Helpful for: MBA Applicants Read Time: 9 minutes Quick Facts:
- Respect the notion that less is more, and if you’re able to say something in a different way, choose the shorter way.
- “CV Speak” allows you to drop some conjunctions such as “of,” “for” and “which” in order to keep sentences shorter, even though it might be grammatically incorrect. However, in most cases the word “the” is kept since it emphasizes the noun it precedes. Aringo gives us a couple of examples: “Received the Distinguished Soldier Award”, “Presented the company’s annual plan to the CEO.”
- Instead of using “and” to break a long and complex sentence, split it into two sentences.
- Avoid using first person, “I,” “my,” “our.”
- You should start with a verb when writing about your work experience and achievements. Also, make an effort to use facts instead of subjective language.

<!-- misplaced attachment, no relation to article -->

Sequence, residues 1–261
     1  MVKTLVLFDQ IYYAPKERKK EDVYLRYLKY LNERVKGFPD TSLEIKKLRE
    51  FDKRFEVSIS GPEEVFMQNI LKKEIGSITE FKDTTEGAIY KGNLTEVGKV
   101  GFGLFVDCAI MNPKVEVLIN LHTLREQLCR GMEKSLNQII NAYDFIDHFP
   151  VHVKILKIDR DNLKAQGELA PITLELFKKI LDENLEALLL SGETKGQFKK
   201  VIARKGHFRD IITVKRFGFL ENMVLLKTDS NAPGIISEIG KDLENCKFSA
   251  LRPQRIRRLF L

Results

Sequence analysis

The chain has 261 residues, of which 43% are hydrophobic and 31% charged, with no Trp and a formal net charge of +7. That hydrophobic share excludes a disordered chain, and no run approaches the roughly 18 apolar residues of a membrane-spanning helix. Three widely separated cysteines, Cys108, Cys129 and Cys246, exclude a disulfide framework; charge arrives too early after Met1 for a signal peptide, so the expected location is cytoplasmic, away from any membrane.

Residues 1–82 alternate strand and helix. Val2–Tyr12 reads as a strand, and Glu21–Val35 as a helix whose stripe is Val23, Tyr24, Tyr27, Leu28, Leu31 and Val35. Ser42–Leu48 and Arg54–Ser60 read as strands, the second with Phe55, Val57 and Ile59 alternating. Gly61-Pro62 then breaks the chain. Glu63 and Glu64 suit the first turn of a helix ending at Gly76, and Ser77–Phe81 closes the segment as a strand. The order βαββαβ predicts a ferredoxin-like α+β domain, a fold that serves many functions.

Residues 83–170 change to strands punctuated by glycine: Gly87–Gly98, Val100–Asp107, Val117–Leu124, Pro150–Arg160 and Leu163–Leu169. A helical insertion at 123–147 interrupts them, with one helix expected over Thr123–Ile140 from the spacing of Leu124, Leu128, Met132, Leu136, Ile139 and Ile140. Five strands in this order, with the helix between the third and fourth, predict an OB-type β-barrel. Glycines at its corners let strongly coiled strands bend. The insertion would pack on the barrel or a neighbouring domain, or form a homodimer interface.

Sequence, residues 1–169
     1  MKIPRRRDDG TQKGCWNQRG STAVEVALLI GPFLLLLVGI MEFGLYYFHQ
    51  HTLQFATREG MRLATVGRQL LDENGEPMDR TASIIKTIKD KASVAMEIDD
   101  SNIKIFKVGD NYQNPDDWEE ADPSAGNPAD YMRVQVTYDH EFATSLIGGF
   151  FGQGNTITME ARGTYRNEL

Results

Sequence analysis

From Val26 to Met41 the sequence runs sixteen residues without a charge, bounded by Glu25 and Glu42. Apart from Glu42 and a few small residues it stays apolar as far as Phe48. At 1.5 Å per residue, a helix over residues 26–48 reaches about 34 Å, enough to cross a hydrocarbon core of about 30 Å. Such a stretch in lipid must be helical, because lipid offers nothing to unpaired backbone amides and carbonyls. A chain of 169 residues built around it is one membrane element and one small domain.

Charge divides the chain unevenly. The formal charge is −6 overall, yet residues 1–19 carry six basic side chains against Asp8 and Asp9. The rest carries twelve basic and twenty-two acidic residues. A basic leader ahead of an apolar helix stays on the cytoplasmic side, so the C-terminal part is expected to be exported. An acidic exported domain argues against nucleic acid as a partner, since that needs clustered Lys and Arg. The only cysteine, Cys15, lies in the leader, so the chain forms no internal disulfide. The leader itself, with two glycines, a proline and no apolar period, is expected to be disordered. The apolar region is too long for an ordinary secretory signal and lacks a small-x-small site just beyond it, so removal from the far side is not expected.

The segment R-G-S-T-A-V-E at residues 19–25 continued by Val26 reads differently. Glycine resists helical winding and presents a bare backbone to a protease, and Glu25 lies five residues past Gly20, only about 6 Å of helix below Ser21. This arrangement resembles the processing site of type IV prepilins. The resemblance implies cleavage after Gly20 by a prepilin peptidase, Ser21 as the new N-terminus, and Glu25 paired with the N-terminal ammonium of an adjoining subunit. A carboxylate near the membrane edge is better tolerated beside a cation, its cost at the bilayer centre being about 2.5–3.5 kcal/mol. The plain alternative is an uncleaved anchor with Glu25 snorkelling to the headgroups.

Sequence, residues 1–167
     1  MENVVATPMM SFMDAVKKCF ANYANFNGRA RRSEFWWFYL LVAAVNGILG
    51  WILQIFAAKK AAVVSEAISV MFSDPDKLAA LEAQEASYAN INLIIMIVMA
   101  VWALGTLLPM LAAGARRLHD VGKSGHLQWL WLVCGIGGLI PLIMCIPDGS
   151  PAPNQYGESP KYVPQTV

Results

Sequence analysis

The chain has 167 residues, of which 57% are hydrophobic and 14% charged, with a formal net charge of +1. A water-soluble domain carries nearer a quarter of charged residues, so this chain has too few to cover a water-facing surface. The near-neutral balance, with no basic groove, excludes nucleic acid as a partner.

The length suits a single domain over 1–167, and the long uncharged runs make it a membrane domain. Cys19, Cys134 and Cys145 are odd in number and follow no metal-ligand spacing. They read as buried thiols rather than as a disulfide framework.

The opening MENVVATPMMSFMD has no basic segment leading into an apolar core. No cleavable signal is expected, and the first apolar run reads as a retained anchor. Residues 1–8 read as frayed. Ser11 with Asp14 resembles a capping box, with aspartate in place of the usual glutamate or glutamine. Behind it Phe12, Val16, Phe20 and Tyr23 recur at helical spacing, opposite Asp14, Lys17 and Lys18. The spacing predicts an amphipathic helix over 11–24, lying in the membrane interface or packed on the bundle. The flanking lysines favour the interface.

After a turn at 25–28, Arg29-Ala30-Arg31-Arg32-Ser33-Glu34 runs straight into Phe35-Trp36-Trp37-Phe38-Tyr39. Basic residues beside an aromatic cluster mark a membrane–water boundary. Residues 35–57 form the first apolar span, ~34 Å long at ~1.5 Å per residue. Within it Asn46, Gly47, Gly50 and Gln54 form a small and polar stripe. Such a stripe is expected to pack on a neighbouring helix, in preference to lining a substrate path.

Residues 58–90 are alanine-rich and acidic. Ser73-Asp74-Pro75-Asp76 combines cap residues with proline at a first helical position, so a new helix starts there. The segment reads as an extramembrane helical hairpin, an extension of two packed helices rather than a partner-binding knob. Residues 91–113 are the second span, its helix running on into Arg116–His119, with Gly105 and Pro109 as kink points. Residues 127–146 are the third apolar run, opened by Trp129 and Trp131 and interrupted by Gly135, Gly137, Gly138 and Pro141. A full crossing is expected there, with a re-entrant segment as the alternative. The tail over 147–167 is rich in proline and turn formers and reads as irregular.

- Unless numbers illustrate outstanding results, don’t provide any. On the other hand, if you’d like to exaggerate the success of sales, percentages are a better bet. Writing that sales went up 200% makes a greater impression than nothing that sales went up from 10k to 30k.
- Stay away from long and drawn out technical explanations—they will only confuse the reader.
- When listing your responsibilities, make sure the verb tenses correspond to duties from either your current or past position.
- Your achievements are in the past, so the verb tense should reflect that. Your achievement should be linked to a project you’ve worked on and should consist of the actions you took and the results. Remember, results should always be factual. Aringo adds:
The best descriptions of results are relative (descriptions that compare the result to other results). For example: “Fastest promotion in the Division’s history,” or CEO Alan Corey cited project as “one of the three most successful projects in the company’s history” (company’s annual conference, 11/02/09).
- Different business schools have unique requirements for CV submission. Make sure you follow them closely. For example, London Business School limits the CV to one page, while UCLA’s and Wharton’s page count is unlimited. Which business school are you applying to?
Check Out: MBA Application Needs an Executive Resume (Part 1)